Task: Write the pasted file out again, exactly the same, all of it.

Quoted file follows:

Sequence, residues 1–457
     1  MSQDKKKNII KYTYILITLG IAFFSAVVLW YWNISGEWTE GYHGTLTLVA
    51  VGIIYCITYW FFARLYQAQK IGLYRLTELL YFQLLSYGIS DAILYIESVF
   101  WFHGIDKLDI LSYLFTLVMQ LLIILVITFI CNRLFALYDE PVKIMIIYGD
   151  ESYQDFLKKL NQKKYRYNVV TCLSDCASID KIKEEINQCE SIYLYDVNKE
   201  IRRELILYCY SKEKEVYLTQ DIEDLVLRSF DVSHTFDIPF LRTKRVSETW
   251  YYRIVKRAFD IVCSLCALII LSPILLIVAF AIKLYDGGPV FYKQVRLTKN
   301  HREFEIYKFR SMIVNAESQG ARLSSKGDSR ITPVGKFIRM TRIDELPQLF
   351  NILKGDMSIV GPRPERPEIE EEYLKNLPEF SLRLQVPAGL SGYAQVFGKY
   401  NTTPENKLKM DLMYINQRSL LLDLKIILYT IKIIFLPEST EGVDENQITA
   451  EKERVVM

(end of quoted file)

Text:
Sequence, residues 1–457
     1  MSQDKKKNII KYTYILITLG IAFFSAVVLW YWNISGEWTE GYHGTLTLVA
    51  VGIIYCITYW FFARLYQAQK IGLYRLTELL YFQLLSYGIS DAILYIESVF
   101  WFHGIDKLDI LSYLFTLVMQ LLIILVITFI CNRLFALYDE PVKIMIIYGD
   151  ESYQDFLKKL NQKKYRYNVV TCLSDCASID KIKEEINQCE SIYLYDVNKE
   201  IRRELILYCY SKEKEVYLTQ DIEDLVLRSF DVSHTFDIPF LRTKRVSETW
   251  YYRIVKRAFD IVCSLCALII LSPILLIVAF AIKLYDGGPV FYKQVRLTKN
   301  HREFEIYKFR SMIVNAESQG ARLSSKGDSR ITPVGKFIRM TRIDELPQLF
   351  NILKGDMSIV GPRPERPEIE EEYLKNLPEF SLRLQVPAGL SGYAQVFGKY
   401  NTTPENKLKM DLMYINQRSL LLDLKIILYT IKIIFLPEST EGVDENQITA
   451  EKERVVM